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Climate Risk Reporting Got You All Acronymed Out?

A look at the TCFD, SASB & CDSB

As the globe begins to create greater awareness on moving towards greener energy and the climate crisis several frameworks, organisations and bodies have been established to assist companies with communicating their sustainability plans, practices and progress effectively to their investors.


The Financial Stability Board Task Force on Climate-related Financial Disclosures (TCFD) is a market-driven initiative, set up to develop a set of recommendations for voluntary and consistent climate-related financial risk disclosures in mainstream filings.

The TCFD Knowledge Hub is a platform designed to help organizations implement the TCFD recommendations by providing over 300 relevant insights, tools and resources. Resources include existing legislation and regulations, frameworks, standards, guidance, research papers, tools and webinars.

The TCFD recommendations are designed to solicit consistent, decision-useful, forward-looking information on the material financial impacts of climate-related risks and opportunities, including those related to the global transition to a lower-carbon economy.

To better understand current climate-related financial disclosure practices and how they have evolved, the Task Force has published a report in which they have reviewed the reports of over 1,100 companies from 142 countries in eight industries over a three-year period. The Task Force also conducted a survey on companies’ efforts to implement the TCFD recommendations as well as users’ views on the usefulness of climate-related financial disclosures for decision-making.


While the Task Force has found some of the results of its disclosure review and survey encouraging, it carries concern that not enough companies are disclosing decision-useful climate-related financial information.

After reviewing financial filings, annual reports, integrated reports, and sustainability reports, the Task Force found that:

  • Disclosure of climate-related financial information has increased since 2016 but is still insufficient for investors.
  • More clarity is needed on the potential financial impact of climate-related issues on companies.
  • Of companies using scenarios, the majority do not disclose information on the resilience of their strategies.
  • Mainstreaming climate-related issues requires the involvement of multiple functions.


The Climate Disclosure Standards Board is a non-profit organization working to provide material information for investors and financial markets through the integration of climate change-related information into mainstream financial reporting.

The CDSB’s prides itself on integrating climate change-related disclosure into mainstream financial reports. The organisation is an international consortium of business and environmental NGOs, which is committed to advancing and aligning the global mainstream corporate reporting model to equate natural capital with financial capital.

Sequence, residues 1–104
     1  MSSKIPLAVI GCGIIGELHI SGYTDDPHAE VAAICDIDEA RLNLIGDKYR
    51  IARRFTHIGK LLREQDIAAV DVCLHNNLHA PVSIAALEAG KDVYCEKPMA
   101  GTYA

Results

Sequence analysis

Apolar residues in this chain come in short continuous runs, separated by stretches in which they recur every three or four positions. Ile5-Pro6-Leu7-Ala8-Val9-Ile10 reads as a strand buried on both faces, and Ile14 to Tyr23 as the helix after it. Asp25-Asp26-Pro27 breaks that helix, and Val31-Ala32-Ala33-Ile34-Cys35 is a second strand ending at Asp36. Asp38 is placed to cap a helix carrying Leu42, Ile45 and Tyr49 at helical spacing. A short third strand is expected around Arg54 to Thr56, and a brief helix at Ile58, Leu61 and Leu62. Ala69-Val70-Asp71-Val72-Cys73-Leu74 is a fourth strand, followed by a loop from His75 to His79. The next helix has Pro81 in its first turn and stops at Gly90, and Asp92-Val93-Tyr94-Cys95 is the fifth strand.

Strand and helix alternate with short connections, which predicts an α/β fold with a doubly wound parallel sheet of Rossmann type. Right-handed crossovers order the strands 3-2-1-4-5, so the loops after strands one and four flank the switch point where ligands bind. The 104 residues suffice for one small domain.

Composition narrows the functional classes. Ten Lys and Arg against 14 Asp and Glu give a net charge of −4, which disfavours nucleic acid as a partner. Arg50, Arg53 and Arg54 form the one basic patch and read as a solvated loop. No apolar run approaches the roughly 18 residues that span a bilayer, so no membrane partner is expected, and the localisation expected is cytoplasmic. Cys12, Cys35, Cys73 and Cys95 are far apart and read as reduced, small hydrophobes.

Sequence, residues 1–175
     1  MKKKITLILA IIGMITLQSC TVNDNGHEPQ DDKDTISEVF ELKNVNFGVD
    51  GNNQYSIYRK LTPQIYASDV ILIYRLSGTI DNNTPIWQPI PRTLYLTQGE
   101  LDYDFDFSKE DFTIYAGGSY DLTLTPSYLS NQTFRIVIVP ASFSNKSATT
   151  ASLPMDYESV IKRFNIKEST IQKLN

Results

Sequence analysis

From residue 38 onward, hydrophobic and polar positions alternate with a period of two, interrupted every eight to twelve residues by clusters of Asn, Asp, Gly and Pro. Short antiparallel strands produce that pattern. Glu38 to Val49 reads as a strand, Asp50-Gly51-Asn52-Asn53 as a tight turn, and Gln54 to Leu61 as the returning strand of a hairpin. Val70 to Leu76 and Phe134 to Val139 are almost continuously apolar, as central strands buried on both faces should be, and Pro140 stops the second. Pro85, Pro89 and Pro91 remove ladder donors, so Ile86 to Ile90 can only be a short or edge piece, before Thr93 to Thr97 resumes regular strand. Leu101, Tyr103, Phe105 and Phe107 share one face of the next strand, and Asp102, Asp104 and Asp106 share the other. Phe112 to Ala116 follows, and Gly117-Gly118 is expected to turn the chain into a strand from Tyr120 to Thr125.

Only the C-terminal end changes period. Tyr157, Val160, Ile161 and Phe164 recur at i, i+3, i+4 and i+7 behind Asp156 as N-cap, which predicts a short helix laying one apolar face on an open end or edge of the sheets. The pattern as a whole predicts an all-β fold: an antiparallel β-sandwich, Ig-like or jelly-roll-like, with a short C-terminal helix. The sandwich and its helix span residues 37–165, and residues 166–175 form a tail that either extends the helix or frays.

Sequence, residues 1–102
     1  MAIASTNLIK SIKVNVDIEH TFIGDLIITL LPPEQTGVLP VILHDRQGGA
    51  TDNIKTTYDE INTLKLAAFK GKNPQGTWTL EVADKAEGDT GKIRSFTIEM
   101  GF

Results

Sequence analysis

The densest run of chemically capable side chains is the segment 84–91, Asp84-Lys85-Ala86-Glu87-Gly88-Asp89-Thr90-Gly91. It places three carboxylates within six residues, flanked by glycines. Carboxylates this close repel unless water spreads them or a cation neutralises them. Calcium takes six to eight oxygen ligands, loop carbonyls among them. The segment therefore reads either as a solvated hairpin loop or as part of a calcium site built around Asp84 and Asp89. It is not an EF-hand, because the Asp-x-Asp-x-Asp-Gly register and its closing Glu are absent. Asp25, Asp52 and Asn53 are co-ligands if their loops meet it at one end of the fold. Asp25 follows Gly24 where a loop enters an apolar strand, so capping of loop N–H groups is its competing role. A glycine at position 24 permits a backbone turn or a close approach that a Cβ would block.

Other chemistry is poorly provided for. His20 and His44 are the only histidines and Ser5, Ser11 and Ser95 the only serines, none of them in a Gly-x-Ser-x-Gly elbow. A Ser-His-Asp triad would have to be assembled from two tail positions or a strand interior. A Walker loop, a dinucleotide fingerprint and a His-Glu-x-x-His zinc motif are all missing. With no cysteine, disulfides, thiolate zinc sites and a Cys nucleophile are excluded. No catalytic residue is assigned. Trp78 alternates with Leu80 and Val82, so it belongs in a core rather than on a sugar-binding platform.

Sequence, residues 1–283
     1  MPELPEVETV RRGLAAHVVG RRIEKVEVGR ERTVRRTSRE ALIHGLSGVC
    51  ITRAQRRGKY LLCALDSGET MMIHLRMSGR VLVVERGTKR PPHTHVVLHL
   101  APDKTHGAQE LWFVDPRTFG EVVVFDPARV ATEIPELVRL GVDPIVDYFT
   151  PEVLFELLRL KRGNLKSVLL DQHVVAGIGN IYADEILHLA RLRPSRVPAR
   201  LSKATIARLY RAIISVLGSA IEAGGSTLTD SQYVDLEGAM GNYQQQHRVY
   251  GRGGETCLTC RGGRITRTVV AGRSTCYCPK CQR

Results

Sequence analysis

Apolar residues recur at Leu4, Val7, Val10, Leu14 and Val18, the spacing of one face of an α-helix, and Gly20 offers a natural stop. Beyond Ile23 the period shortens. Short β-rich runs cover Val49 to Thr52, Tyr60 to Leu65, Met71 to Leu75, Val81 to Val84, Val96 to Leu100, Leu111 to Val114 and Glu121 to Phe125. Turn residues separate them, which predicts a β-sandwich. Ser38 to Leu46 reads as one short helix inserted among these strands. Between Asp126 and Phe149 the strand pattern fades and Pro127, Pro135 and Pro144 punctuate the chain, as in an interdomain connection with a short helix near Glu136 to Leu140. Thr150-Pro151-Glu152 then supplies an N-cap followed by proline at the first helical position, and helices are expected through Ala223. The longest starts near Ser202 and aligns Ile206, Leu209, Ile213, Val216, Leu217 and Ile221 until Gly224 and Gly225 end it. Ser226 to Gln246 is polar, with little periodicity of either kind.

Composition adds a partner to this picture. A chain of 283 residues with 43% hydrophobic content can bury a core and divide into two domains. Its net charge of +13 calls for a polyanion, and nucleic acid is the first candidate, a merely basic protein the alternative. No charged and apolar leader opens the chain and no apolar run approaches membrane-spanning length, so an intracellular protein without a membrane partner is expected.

This is done by offering companies a framework for reporting environmental information with the same rigour as financial information. In turn this helps companies to provide investors with decision-useful environmental information through the mainstream corporate report, enhancing the efficient allocation of capital. Regulators also benefit from compliance-ready materials.

The CDSB asserts that distinguishing that information about natural capital and financial capital is equally essential for an understanding of corporate performance. Therefore, the organisation’s work builds the trust and transparency needed to foster resilient capital markets. It’s aim is to contribute to more sustainable economic, social and environmental systems.


The Sustainability Accounting Standards Board (SASB) connects businesses and investors on the financial impacts of sustainability.

SASB’s mission is to help businesses around the world identify, manage and report on the sustainability topics that matter most to their investors. SASB’s standards are developed based on extensive feedback from companies, investors, and other market participants as part of a transparent, publicly-documented process.

SASB standards differ by industry, enabling investors and companies to compare performance from company to company within an industry.

With SASB standards, companies can benefit from greater transparency, better risk management, improved long-term performance and stronger, more valuable brands — while providing investors with a more accurate picture of their sustainability performance.

SASB standards and tools are helping companies:

  • identify the handful of ESG and sustainability topics that most directly impact their long-term value creation;
  • implement principles-based reporting frameworks including Integrated Reporting and the recommendations of the Task Force on Climate-related Financial Disclosures (TCFD); and
  • communicate sustainability data more efficiently and effectively to investors.

SASB can be a core part of any reporting system. Whether used alone, alongside other reporting frameworks or as part of an integrated report, SASB standards and metrics enable companies to communicate with investors in a detailed, powerful way.



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